March 2, 2013
I went up to the Sierra Chincua Sanctuary to investigate the next morning. The local people said there had been a considerable amount of snow early in the morning, but that it started to melt away as soon as the sun rose. I would guess there had been a 3 cm carpet of snow all over the sanctuaries and its surroundings.
As I drove down from Chincua, visitors were arriving from the surrounding towns with their young children to have some fun playing in the snow. I headed towards El Rosario Sanctuary and was surprised to see the large number of tourists already there in spite of the cold and cloudy day.
There was indeed a clear sign of an eventual massive leaving in that the Monarchs have now moved down from their original site at "Los Letreros" (where they were only one week ago) to the lowest part of this area and heading towards "Las Balsitas."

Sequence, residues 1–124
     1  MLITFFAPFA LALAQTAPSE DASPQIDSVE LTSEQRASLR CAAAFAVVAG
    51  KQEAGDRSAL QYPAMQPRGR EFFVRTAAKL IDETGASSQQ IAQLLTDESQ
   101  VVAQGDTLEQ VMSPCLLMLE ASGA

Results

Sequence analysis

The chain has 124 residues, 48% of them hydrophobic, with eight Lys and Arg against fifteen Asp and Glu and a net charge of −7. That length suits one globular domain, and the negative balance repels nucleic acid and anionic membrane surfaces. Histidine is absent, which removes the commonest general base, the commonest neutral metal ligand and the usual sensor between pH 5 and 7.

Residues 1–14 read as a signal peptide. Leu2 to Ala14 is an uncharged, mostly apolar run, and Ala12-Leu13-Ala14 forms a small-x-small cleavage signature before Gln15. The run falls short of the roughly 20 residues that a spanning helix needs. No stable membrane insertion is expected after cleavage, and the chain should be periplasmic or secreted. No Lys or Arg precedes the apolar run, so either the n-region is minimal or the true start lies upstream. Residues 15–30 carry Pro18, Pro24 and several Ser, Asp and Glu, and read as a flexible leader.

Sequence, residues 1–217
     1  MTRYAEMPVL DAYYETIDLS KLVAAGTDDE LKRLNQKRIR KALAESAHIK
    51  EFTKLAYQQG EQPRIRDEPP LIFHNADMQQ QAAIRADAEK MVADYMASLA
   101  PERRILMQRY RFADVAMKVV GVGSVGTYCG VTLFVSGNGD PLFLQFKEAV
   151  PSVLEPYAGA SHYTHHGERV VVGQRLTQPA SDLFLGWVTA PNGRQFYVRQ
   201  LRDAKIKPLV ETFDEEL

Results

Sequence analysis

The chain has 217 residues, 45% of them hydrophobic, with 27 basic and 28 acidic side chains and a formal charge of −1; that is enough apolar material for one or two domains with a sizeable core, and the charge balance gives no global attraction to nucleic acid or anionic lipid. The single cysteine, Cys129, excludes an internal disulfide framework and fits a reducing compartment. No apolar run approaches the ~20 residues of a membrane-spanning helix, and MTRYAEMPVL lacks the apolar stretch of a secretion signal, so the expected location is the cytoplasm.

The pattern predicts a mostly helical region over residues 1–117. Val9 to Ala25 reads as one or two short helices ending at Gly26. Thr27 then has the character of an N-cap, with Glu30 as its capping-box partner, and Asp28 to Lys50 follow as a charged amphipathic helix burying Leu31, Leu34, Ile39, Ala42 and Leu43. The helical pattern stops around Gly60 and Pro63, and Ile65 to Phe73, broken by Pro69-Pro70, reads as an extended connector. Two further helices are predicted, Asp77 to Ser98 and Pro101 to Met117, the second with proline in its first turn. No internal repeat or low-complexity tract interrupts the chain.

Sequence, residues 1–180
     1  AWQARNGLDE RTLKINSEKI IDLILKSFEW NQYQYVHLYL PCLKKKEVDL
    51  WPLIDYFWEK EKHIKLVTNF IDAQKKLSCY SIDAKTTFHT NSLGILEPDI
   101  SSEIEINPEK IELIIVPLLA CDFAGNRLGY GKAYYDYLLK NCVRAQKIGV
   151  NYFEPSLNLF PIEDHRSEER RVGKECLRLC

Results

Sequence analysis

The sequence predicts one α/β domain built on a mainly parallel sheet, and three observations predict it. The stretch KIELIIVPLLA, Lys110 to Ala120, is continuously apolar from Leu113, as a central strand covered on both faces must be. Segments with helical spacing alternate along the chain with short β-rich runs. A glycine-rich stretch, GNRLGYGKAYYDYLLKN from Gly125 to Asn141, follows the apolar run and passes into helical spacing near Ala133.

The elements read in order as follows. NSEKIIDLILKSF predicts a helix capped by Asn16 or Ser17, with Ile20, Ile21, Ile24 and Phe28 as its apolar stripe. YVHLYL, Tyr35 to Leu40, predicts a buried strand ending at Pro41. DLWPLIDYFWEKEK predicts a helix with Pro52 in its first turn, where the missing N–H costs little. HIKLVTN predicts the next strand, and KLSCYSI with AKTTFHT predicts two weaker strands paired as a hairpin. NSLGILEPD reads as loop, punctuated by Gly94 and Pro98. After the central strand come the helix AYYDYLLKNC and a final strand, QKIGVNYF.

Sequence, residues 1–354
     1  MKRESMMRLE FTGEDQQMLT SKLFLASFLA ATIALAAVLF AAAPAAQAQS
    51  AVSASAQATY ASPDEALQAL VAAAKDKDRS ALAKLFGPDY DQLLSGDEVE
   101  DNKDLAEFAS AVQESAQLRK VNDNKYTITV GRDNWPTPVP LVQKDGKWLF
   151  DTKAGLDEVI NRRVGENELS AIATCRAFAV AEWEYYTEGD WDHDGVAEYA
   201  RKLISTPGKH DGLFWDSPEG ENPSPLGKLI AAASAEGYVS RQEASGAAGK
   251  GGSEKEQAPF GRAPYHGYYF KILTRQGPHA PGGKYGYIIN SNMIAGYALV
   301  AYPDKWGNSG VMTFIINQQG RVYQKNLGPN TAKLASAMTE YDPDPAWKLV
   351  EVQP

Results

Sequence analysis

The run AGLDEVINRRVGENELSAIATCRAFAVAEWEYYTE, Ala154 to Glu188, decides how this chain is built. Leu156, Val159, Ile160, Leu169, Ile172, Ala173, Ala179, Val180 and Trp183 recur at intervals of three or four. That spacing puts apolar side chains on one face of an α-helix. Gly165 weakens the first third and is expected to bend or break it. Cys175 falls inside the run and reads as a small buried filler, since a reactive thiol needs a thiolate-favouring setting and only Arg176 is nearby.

I would say the number of Monarchs was half of what I saw last week. They were no more than 10 -12 trees with clusters of good size for tourists to admire.
Again I saw no mating pairs of Monarchs probaby because the cold temperatures kept them inactive. The guides think isolated pairing has been taking place, but say that mass mating is about to begin.
The monarchs did not seem to have been disturbed by the snow, especially since we have had a fairly sunny morning with no frost at all. By noon time, the signs of snow at El Rosario were only perceptible as small spots remaining in the most forested areas.
I am concerned about the terrible drought in the coming months. Look at the deep dust in the path!
Temperatures to date have plummeted Monday and Tuesday, after the snowfall. We now have freezing cold at night below zero degrees Celsius in the town, so it must be in the sanctuaries around the minus 5 degrees Celsius at dawn. The temperatures of the last four days have been the lowest they have been recorded during 2012 and so far in 2013. This will last about 2-3 days.
Meanwhile, each day I am looking skyward hoping to witness monarchs flying overhead as they set off on their spring migration!
Your local reporter,